Many of you might judge the inner experience I share as worthy of prescription medication, but I have never gone down that route.  I will if I feel like I need to, but for now my coping strategies are sufficient.  Most of my life isn’t lived in this space, but some of it is.  When life gets stressful, I have a tendency to plan.  Plan a trip.  Plan a date night.  Plan, plan, plan.  But if I really peel down the layers of what is good for me, what can lift me out of the overwhelming spin, it ends up being pretty simple:  Moving my body over the earth or water.  Committing myself to a weekly practice of yoga.  Traveling to new and old places.  Writing and painting.  Cooking.  Spending time with the people I love.  Making time for spirituality.  Talking it out.  Being present.

Besides coping mechanisms, I’ve learned to see the positive in being blessed with a tendency toward anxiety.  Being more introspective and analyzing of life has improved my creative process.  I am a better artist and writer because I get to process the uncomfortable.  I get to write the hard, and that is something special because it touches a deep part of my own soul and hopefully the souls of others.  Also, I’ve realized that worrying makes me more attune to other peoples’ feelings.  It has provided me with an intuitive sense of knowing when someone else is in pain.  I don’t always know what to do or say to make him or her feel better, but I like the way genuine empathy feels.  It opens me to a deeper understanding of what it is to be human and the processes we all go through in spaces of love and loss.  Having anxiety has also made me ask questions, important ones, about life and what it is I truly want.  The awareness I have found in times of unease have often been the most moving.  Opening myself to answering the questions (and different ways of doing so) and being okay with what I discover is an ongoing process that is moving me closer to spending larger periods of time as my authentic self, which is pretty freaking rad.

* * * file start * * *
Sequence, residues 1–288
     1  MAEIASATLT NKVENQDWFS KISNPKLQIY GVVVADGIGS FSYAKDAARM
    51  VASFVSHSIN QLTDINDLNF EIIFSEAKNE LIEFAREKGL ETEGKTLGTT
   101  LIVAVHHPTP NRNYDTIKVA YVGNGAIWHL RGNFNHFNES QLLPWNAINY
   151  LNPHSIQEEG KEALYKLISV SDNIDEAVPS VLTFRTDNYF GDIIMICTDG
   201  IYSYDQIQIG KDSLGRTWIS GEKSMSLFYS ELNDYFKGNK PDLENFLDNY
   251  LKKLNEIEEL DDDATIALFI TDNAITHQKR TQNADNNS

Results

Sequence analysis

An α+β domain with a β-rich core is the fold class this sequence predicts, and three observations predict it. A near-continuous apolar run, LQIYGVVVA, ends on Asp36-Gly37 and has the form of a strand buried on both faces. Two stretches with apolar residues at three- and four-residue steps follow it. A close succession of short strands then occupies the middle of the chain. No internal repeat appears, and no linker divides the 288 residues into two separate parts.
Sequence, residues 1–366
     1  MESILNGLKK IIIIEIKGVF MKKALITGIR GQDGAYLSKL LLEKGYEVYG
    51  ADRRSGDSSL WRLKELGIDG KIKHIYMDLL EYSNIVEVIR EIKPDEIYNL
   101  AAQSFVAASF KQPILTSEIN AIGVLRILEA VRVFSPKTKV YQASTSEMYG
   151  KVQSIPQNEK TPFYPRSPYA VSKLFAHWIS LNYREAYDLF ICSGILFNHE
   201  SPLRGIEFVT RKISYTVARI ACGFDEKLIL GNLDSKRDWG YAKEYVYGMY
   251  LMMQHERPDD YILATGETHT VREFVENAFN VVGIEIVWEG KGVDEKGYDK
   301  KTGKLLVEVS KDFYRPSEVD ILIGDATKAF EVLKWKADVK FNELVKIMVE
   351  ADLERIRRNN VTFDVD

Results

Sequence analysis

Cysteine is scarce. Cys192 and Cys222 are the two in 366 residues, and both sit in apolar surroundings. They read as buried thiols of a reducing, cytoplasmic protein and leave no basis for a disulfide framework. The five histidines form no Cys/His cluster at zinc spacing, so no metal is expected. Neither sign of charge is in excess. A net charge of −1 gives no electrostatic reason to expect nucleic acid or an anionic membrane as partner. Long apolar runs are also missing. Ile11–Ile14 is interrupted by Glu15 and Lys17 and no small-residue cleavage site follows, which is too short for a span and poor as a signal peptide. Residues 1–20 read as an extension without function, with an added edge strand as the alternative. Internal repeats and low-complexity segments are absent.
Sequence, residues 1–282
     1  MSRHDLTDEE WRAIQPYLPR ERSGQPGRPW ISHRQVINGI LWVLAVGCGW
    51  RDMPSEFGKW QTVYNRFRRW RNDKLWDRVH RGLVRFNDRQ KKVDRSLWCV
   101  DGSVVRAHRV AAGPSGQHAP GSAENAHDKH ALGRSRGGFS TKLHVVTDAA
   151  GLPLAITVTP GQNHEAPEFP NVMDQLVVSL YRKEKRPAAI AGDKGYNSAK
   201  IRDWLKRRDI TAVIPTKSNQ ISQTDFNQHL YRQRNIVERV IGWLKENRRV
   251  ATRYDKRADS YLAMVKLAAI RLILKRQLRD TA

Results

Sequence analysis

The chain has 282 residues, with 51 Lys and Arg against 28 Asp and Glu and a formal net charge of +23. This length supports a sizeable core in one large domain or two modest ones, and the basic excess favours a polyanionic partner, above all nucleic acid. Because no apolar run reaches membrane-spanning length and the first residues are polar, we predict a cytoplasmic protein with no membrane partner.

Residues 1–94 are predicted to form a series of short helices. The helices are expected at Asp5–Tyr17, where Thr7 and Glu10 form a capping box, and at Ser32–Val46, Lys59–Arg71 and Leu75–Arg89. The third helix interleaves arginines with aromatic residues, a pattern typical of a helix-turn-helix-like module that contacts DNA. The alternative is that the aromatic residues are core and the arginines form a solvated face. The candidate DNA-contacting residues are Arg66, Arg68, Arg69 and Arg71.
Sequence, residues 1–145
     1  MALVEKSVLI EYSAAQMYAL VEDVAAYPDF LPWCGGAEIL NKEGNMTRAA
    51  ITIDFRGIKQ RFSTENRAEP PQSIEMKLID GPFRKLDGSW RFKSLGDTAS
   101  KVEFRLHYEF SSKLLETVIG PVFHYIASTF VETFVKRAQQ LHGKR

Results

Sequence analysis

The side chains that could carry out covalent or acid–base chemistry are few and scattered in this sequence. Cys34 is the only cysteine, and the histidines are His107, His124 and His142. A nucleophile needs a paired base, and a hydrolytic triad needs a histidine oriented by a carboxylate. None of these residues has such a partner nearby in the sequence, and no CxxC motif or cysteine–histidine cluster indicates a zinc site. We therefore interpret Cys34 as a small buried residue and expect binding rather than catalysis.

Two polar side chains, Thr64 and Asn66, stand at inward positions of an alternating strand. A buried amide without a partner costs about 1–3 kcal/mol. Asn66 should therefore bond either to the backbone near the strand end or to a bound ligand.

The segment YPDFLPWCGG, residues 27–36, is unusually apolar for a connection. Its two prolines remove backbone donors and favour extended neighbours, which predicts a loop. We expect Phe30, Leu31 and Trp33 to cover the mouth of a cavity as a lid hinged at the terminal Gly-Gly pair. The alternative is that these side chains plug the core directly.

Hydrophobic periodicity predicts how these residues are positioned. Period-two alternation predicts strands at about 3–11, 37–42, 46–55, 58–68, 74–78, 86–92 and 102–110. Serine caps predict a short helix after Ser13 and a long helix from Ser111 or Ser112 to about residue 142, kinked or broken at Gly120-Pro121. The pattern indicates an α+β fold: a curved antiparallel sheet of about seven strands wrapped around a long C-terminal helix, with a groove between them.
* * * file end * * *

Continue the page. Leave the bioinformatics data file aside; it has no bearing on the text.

One of my best friends and I joke about our anxiety all the time.  We often call each other needing to talk out a spiral or receive assurance that everything will be okay even though we might have potentially, inadvertently, maybe, just maybe done something to hurt someone’s feelings or ruin a chance at a career or scar our kids for life.  It is good to know we are not alone and to help each other stop from slipping into an irrational place that will benefit no one.  Anxiety can be a beast, but it doesn’t always have to be.  If we allow it to – if we allow discomfort to flow through us – we can often discover much more than we ever knew possible.

What have you learned about your self when you open in this way?  Where do you find inner peace?  In perceived weakness, what goodness have you found?